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Underground Cavern Tour Offers Surprises

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Glenwood Caverns

Glenwood Caverns

GLENWOOD SPRINGS, Colo. (CBS4) – A trip to Glenwood Springs offers plenty of ways to enjoy Colorado, but one attraction will take you underground and into the caverns.

The Glenwood Caverns stay at a constant temperature of 52 degrees year-round, making it toasty in the winter and a spot to cool off in the summer.

Visitors have to put on helmets if they want to take the tour of the caverns.

“The river came in and carved away the weak spots in the limestone and formed the passageways that we are now walking through,” said tour guide Kevin Turner when a CBS4 crew was there.

PHOTO GALLERY: Glenwood Caverns

Only a very small portion of the caves at the top of Iron Mountain above Glenwood Springs have been explored, but what has been seen is impressive to most tour-goers.

“I’ve been in a few caves and this is by far the most spectacular. Just the size and the vastness of it. It seems to go on forever,” one tour-goer told CBS4.

In the caverns’ historic “Fairy Caves,” intricate details cover the walls.

“You can see our cave’s fairy; she’s frozen in time, stuck there on the wall,” Turner said.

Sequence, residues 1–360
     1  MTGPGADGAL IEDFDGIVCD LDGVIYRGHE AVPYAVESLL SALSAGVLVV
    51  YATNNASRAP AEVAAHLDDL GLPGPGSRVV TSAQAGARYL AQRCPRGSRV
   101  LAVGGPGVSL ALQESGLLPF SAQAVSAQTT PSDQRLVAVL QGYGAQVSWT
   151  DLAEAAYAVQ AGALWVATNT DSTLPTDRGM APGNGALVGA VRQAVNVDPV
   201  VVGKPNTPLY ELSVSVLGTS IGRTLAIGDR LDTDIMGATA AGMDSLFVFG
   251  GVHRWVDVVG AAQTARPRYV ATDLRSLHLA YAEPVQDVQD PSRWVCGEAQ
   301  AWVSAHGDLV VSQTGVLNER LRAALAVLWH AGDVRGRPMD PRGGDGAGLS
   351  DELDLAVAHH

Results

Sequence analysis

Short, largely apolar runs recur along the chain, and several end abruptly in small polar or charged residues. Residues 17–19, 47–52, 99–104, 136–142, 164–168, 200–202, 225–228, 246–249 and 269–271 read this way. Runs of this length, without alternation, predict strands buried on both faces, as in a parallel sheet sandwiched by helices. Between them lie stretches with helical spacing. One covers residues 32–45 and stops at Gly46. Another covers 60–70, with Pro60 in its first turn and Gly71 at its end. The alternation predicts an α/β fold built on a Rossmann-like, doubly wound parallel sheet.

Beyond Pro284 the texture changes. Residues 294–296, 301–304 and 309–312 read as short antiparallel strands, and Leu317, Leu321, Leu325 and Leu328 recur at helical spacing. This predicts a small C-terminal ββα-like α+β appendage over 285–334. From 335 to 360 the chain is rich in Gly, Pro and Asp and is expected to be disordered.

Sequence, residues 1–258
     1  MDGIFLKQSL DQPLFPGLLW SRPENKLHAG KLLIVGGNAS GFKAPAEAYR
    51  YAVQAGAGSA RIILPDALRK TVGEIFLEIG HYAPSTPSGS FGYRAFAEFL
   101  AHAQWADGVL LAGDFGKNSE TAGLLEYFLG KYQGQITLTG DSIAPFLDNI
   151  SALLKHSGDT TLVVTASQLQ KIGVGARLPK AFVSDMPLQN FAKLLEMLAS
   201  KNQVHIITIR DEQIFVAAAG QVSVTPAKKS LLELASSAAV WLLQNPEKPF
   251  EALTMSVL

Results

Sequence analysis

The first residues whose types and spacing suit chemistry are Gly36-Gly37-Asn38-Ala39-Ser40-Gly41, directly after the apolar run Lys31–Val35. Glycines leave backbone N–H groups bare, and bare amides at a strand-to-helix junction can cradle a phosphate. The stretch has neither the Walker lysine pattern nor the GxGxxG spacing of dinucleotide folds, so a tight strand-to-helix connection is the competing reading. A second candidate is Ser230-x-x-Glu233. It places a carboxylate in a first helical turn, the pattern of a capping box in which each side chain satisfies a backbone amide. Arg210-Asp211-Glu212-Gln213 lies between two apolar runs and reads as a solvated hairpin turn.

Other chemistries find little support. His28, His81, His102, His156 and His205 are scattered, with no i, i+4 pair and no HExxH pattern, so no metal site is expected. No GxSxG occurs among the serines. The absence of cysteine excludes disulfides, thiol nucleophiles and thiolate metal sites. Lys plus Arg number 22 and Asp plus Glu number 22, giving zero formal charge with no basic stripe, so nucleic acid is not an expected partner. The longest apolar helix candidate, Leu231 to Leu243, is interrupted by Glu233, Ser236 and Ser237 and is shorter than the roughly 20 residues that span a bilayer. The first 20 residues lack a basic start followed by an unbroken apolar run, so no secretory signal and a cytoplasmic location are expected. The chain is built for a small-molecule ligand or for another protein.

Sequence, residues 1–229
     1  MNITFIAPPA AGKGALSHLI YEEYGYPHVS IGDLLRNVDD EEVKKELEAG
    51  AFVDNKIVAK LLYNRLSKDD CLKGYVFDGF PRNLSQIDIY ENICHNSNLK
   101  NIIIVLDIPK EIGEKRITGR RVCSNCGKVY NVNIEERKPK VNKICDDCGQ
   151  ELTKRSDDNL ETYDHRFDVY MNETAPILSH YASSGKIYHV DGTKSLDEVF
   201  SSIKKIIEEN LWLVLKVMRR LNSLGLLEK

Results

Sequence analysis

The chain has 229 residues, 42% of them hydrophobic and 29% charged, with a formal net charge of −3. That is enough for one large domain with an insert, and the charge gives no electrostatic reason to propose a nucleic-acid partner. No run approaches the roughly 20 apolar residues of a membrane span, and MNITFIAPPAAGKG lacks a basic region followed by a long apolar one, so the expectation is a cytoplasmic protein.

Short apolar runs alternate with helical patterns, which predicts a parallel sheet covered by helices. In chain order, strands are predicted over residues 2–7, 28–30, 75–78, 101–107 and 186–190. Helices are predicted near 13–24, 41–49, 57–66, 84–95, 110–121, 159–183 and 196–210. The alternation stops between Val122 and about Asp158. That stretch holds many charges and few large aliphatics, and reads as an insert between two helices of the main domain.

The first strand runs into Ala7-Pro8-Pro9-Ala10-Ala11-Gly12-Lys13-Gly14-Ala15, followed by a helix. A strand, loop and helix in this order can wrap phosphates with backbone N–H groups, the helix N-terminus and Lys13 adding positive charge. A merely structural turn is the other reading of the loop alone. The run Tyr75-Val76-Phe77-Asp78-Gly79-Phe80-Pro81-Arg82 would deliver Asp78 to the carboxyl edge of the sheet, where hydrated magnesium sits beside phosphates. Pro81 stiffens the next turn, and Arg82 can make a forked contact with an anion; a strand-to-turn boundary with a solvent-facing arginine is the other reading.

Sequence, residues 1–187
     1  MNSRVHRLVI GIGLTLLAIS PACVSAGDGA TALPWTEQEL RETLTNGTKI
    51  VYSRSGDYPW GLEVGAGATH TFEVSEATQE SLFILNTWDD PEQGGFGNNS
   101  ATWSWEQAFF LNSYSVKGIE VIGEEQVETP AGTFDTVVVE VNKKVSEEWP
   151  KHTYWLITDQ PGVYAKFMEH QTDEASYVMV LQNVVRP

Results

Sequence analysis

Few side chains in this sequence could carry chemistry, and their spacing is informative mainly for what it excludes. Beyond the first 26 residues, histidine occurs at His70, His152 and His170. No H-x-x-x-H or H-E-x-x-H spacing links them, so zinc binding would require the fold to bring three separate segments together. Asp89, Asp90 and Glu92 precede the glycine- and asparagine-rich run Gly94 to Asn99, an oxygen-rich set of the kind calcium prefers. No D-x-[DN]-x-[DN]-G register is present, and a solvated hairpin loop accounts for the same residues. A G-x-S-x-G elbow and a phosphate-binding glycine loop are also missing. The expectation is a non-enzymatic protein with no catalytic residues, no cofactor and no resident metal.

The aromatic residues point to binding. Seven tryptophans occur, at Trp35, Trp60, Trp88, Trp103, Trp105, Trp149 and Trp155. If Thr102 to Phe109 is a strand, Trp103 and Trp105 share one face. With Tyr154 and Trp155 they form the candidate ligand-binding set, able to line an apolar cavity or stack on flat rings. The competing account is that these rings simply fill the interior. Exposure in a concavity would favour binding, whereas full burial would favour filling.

And those details take far longer to form in Colorado than they would in other states.

“It’s estimated that here in this part of Colorado because of the dry climate, it takes about 1,000 years for a formation to grow just one cubic inch,” Turner said.

The tour through the caverns takes some unexpected turns, even taking tourists back into the sunlight as they arrive on the Exclamation Point balcony, where the Colorado River is visible far below. The views of the Roaring Fork Valley and the city of Glenwood Springs below are stunning.

Down 127 stairs from the balcony is King’s Row, one of the cave’s crown jewels.

The tour guides also offer lessons in remembering the difference between a stalagmite and a stalactite.

“The easy way to remember the difference between these formations is ‘Stalactite, you hold tight to the ceiling’ and ‘Stalagmite might reach the ceiling.”

RELATED: New Technology Could Help Save Glenwood Caverns

LINK: Glenwood Caverns

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